Monday, September 25, 2006


Everyone wants a voice. At least everyone wants to be heard in some way. It may not be audibly. It may be visual. You could argue, I suppose, that visually means that they want to be seen. I don’t think so. I think that they really want to be heard and if seen equals heard for them, then that’s just fine by them. You may not agree, but this is my blog so I get to be heard at the moment. If you want to be heard then you could always respond. I simply mean that people want to know that they’ve had influence or that they’ve been recognized for a contribution that may last beyond their natural lives or at least beyond their immediate circle.
Visual artists want to be heard. They have a message. They want their work to communicate it. They want you to listen. Writers obviously want to be heard. Teachers want to be heard in order to convey a lesson. Lawyers want to be heard to convey truth, …or not. People who have bumper stickers want to be heard. They want their views and ideologies known. Protesters and parents, ball players and baristas are all trying to communicate something about themselves, their team, their authority, whatever. They want to be heard.
I will confess that my belief in the concept of “heard” is based solely and selfishly on personal experience and observation. You may feel differently. That is your right. However, if you feel differently, and feel it strongly enough, you would tell me, because after all, you’ll want to be heard. Anyway, I also believe that this desire to be heard goes all the way back to the dawn of creation in the garden known as Eden. God wanted to be heard as creator and so He spoke everything into being. Satan wanted to be heard as preeminent, so he spoke as a snake that, except for in Narnia, should have no voice. Eve wanted to be heard as a pair so she approached Adam with the forbidden. And Adam wanted to be heard as innocent so he passed blame before God. And so it goes. King George wanted to be heard, Adolf Hitler wanted to be heard, Joseph Stalin wanted to be heard, Chairman Mao wanted to be heard, Fidel, George, Saddam, Osama, and everyone on the current world stage wants to be heard. Andy Worhol wanted to be heard. Maya Angelou and Pearl Jam want to be heard. Billy Graham wants to be heard. I want to be heard. And I want to know why? What is it that cries out within us to make us want to cry out to see if someone is listening?
I’ve written before about a desire for significance. I think that this explains only some of it. Some of those who read this stuff have told me that they have some degree of agreement with the significance thing. I think that there is still something more. There is a magic that is deeper than the deep magic before the dawn of time. It has something to do a bit with the story of the prodigal son, or the prodigal God, however you choose to read it. From the dawn of time, when our fabric was woven in the depths of God’s design, He has been calling to us. We have wandered, we have stumbled, we may even have lost our way, but all along, throughout our existence, the still small voice is calling to the depths of our being. And the voice that we seek is the same one that Abraham, Samuel, Jeremiah, Isaiah, and all those others recorded in history who, on hearing, leaped within themselves and yelled “Here I am”. We all want to yell “Here I am” just as if we were a child, lost in the overwhelming expanse of women’s wear in the local department store, hearing our mothers voice over our panic. All of us find a way to declare “here I am”.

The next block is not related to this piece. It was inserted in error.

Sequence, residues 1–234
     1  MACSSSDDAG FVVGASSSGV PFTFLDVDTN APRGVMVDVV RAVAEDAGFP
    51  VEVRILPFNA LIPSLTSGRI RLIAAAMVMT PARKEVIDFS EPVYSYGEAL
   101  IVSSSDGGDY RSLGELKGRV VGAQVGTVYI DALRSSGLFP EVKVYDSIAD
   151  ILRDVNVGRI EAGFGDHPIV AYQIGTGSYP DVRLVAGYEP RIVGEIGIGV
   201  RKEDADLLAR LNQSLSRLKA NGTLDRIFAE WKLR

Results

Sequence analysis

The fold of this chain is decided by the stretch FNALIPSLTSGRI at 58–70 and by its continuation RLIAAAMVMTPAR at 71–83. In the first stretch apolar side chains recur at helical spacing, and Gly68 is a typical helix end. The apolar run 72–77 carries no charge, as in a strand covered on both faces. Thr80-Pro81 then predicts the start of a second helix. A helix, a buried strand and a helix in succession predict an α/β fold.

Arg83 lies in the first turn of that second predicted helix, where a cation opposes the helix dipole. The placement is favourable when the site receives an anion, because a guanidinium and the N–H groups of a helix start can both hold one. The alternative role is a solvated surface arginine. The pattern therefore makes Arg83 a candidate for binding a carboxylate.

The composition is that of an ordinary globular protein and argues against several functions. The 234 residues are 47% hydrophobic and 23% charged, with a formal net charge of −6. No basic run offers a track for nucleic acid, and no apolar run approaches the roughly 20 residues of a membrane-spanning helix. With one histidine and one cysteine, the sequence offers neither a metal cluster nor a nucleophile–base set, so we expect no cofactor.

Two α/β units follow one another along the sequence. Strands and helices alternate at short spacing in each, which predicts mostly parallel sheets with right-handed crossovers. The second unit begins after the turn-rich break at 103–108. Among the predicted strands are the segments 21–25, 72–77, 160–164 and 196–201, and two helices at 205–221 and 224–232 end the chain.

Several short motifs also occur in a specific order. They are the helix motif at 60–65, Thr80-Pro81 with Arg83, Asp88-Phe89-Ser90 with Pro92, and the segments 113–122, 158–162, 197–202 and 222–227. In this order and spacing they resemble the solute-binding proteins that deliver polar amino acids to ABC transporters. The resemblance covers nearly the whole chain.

Unfortunately, like Adam, Eve, and those of us who have followed behind them, we sometimes yell to the wrong things and for the wrong reasons, even using wrong methods. What I mean is that the methods may be destructive. It’s not very PC to state that certain things may be wrong or right, but believe me, sometimes they just are. I’ve not always yelled to declare “here I am” to the right source of my identity. I’ve been known in less than stellar days to yell to the world of success, financial and otherwise, to find my identity in respect. I’ve been known to yell to popularity to find my identity in parties and intoxication. I’ve been known to yell to recognition in my various professions. I’ve not yelled in appropriate ways or appropriate times and I know this to be true because I have also yelled to the voice that calls me home. I know what it feels like to be identified by the one truly searching for me and my best. I know what it is like to be lost and I know what it is like to be found. You can argue all you want about right, wrong, truth, error, and all that we waste our time arguing about. What you can’t argue with is outcome. I see it everyday. I see the outcome of trying to be heard by that which can never really hear you. I see it and it’s hurt and empty, and tragic, ultimately. I also have the privilege of seeing the outcome of yelling to the only one who can truly hear, because He created us. It’s comfort, and care, and peace. I’ve seen them all. I’ve lived them all. I know what it is to have a voice.

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